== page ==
|Publication number||US6009590 A|
|Application number||US 09/139,169|
|Publication date||Jan 4, 2000|
|Filing date||Aug 24, 1998|
|Priority date||Aug 24, 1998|
|Publication number||09139169, 139169, US 6009590 A, US 6009590A, US-A-6009590, US6009590 A, US6009590A|
|Inventors||Kirk M Stanford|
|Original Assignee||Stanford; Kirk M|
|Export Citation||BiBTeX, EndNote, RefMan|
|Patent Citations (4), Referenced by (12), Classifications (17), Legal Events (6)|
|External Links: USPTO, USPTO Assignment, Espacenet|
This invention relates to scraping devices generally, and more specifically, this invention relates to a hand held device enabling the surface of a lottery ticket to be removed by incorporating a coin into the body of the device.
Instant lottery tickets have become common place in modern American society. Instant lottery tickets, which have come to be referred to as scratch tickets, can be purchased at convenience stores, gas stations, markets, and almost anywhere else where peoples shop on a daily basis.
These "scratch tickets" are so called because they are covered with a layer, or layers, of opaque materials which hide text printed on the surface of the ticket which tells the player whether or not he or she has won. The surface is scratched off by the player in a variety of ways, including fingernails, knives, and coins. The surface layers are generally of such a nature that they yield to such methods of removal.
Independent lottery stores have not been established or have been unsuccessful, possibly due to the fact that many scratch ticket sales are made on impulse. The average consumer does not shop with the intention of purchasing scratch tickets, but rather purchases lottery tickets as an afterthought when he or she reaches the cashier.
Most people do not consider themselves serious participants in the scratch card industry; they view themselves as casual partakers interested in the game more than profit. The operators of the lottery try to sell the idea that most people would like to win untold fortunes, but the purchaser often does not regard the purchase of a lottery ticket as a legitimate investment. Because of the foregoing, an investment in time or money in the activity of playing the lottery is unlikely, aside from the expenditure on lottery tickets. It is because of this fact that many worthy inventions have not supplanted the use of the coin as the primary utensil used to scratch the film off of instant lottery tickets.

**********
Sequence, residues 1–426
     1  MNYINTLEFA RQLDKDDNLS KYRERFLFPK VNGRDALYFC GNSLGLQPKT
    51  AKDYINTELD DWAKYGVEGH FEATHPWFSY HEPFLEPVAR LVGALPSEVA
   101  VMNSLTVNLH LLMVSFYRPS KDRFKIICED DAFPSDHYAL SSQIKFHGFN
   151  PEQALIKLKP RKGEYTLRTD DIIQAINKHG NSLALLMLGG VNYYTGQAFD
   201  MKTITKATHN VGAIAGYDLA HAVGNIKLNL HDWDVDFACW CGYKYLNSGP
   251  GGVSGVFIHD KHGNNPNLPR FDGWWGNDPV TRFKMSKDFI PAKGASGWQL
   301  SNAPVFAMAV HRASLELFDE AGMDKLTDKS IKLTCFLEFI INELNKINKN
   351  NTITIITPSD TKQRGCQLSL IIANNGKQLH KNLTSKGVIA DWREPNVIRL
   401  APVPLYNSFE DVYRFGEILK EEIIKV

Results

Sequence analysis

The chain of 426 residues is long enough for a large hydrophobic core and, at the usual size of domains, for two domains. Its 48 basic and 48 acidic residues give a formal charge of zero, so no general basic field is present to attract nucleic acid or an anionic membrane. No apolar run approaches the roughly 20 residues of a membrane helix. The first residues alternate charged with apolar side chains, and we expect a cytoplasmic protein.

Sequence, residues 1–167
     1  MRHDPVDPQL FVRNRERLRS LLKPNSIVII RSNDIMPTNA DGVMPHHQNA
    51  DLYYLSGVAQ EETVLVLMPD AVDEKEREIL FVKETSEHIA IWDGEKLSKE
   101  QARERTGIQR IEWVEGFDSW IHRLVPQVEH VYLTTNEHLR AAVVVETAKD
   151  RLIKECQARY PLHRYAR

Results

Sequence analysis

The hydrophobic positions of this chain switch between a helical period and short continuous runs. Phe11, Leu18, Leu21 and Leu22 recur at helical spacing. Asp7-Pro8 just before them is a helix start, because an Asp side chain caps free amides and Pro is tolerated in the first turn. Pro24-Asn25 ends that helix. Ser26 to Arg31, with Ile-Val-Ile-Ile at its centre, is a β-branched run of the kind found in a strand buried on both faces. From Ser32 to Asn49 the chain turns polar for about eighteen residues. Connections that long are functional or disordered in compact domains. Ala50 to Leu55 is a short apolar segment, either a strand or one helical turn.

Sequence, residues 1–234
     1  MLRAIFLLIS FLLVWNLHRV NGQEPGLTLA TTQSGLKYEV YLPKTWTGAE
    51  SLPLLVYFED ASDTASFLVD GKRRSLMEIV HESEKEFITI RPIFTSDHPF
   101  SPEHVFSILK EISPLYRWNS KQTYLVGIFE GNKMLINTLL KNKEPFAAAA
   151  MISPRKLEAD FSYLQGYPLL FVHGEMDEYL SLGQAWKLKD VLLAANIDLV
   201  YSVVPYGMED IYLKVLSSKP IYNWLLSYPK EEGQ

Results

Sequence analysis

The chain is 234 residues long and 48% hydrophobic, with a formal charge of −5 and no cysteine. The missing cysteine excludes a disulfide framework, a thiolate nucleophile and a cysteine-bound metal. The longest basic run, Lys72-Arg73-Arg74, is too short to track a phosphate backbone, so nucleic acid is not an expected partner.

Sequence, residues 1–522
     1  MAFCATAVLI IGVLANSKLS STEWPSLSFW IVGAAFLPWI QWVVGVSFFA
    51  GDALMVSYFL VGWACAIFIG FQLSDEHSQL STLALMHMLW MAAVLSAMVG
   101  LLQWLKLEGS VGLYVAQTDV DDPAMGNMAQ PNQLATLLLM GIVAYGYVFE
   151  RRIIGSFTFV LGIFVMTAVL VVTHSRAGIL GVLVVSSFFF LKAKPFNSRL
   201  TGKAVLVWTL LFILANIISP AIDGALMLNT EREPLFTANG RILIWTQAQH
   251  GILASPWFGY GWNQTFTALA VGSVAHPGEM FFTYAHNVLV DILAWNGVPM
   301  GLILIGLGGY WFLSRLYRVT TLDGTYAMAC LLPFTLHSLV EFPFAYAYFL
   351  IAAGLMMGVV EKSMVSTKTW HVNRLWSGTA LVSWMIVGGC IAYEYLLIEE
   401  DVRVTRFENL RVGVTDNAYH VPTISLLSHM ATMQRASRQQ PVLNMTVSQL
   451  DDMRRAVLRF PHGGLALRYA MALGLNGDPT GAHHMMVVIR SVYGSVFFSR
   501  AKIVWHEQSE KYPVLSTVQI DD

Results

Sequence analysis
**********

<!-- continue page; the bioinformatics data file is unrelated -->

The coin is actually well suited as a lottery ticket scraper. The combination of the hard metal surface and the serrated edge provides an efficacious way to remove the surface layer of the lottery ticket.
Furthermore, most users view many of the inventions available to remove the surface layer of the ticket as complex or "gadgety". Many lottery players apparently feel their money would be ill spent on another gadget that might disappoint by its lack of execution, especially when a coin, generally available to everyone, works so well.
Beside the ready availability of the coin and its efficacy as a scratching mechanism, there are other aspects of the coin that make it a favorite among lottery players. Coins have long been revered as lucky or mystical. Some people feel an affinity to coins minted in the year of their birth. Then there is the old adage, "Find a penny pick it up and all day long you'll have good luck". The large number of coin collectors also testifies to the interest coins have generated through the years.
All of the above factors contribute to the popularity of coins as a means to scratch lottery tickets.
The only disadvantage of the coin as a lottery tickets scratcher is the limited surface area it provides the user to grasp. Because of the size of the average coin, it must be held between the thumb and the forefinger. While the amount of pressure needed to scratch a lottery ticket is not great it, gripping the coin in this way is awkward, and may cause certain parts of the hand to become fatigued, especially since the pressure must be channeled through the limited area used to grasp the coin. If the pressure could be more evenly distributed over a larger surface, and throughout the hand, this discomfort could be avoided.